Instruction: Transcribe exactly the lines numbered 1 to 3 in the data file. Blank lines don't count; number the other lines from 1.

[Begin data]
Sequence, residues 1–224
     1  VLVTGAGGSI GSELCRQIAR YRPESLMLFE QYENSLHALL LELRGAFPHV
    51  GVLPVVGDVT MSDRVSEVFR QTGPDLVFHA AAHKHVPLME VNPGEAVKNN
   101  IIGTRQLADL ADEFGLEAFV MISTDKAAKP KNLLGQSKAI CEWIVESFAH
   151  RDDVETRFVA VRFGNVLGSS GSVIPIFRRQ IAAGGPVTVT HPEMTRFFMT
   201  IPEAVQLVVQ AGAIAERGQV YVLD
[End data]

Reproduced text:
Sequence, residues 1–224
     1  VLVTGAGGSI GSELCRQIAR YRPESLMLFE QYENSLHALL LELRGAFPHV
    51  GVLPVVGDVT MSDRVSEVFR QTGPDLVFHA AAHKHVPLME VNPGEAVKNN